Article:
Use this search box to find articles that have run in our newspapers over the last several years.

Judge rules on Ashley Street school hearing

Date: 9/26/2012

By Carley Dangona

WESTFIELD — On Sept. 18 Judge Tina Page issued a preliminary injunction thwarting the city from construction or demolition of any land under Article 97, Cross Street Playground, without first designating a surrogate site.

The motion directly affects the Ashley Street School Project because the playground is part of the future site of the new, 600-student elementary school the city plans to open in September of 2014.

Mayor Daniel Knapik offered his opinion about Page's decision. "I'm upset about it," he said. "It's like these ten people are sticking their fingers in the eyes of the children. It's selfish. It's not like this building isn't going get built, it is."

It should be noted that there are a total of 25 plaintiffs listed in the legal documents.

Knapik continued, "What we're doing was done in 1990 with the building of the Paper Mill Elementary School. A conversion wasn't done until 2004 — this practice occurs throughout the Commonwealth. In the end, we'll have a better park."

He also responded to Page's criticism of the city's actions and shared the city's next steps in the project. "We have been working in accordance with the state," Knapik said. "Over the next 90 days we will work on the remediation and conversion of the building [Ashley Street School]."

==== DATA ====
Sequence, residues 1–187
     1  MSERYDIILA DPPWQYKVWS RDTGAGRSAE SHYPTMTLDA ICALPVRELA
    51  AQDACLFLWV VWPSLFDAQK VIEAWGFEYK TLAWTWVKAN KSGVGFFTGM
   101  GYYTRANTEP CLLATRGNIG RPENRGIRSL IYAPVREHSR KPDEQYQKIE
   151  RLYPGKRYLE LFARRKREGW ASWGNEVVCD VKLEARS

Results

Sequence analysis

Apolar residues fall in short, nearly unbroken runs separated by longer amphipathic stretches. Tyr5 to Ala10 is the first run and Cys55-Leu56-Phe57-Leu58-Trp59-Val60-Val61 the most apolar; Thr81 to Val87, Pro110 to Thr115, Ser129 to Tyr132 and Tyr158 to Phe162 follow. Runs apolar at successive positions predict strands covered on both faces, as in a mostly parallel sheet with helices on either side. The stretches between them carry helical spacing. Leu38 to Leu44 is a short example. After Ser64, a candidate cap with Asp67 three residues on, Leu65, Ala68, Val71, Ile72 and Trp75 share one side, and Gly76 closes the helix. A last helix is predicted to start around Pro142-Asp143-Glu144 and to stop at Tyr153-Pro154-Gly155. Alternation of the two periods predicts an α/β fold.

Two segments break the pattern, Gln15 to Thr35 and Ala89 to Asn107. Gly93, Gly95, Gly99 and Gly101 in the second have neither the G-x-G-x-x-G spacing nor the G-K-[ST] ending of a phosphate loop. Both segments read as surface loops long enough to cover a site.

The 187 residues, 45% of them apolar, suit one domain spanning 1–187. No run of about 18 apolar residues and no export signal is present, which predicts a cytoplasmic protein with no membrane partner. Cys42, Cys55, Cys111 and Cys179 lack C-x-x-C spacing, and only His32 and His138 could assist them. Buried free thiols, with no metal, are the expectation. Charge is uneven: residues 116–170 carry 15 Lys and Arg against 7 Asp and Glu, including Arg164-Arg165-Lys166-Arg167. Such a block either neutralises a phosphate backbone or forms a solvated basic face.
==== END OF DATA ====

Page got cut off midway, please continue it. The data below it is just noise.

Assistant City Solicitor William O'Grady explained that the ruling offered some benefit in favor of the city. "The injunction rules partly in favor of the plaintiffs," he said. "Originally, the emergency order encompassed all land [in the project], but the judge limited the order to the playground only."

In regards to the progress of acquiring an approximately 30-acre substitute site on Main Street, O'Grady stated, "The city's working on that daily."

He continued, "We've reviewed the court order and will proceed in accordance with it the order is pretty clear as to what can and can't be done."

Lawyer representing the plaintiffs, Thomas Kenefick III explained that side's next steps. "We're going to expand the scope of Article 97 — we believe it applies to the entire playground [not just a portion, as the city believes]," he said. "We're also looking into the National Park Service to see if there is additional land [in the project] that could be covered [under its protection]."